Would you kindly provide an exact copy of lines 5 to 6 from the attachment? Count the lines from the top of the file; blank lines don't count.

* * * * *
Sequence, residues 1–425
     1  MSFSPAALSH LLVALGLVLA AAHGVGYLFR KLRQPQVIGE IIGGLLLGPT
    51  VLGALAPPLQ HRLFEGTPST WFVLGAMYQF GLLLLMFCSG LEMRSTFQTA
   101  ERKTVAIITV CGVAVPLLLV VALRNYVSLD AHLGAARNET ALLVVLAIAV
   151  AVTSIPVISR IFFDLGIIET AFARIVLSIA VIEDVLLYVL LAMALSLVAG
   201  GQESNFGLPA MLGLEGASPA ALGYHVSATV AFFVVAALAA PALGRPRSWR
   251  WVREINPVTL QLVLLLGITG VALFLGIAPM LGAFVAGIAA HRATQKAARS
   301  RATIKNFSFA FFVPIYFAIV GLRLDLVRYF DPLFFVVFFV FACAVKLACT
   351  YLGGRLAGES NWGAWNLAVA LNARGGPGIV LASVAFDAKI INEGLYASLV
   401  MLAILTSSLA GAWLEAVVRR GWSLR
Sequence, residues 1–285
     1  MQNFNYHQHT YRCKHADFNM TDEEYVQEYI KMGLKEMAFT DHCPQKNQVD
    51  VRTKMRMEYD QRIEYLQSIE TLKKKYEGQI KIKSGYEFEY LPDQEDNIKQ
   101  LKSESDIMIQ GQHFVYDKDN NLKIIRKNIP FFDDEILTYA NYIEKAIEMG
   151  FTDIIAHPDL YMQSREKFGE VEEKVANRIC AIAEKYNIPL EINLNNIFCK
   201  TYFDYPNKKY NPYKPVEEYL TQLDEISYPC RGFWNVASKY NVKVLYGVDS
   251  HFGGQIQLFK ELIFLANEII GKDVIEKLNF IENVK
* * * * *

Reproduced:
   151  AVTSIPVISR IFFDLGIIET AFARIVLSIA VIEDVLLYVL LAMALSLVAG
   201  GQESNFGLPA MLGLEGASPA ALGYHVSATV AFFVVAALAA PALGRPRSWR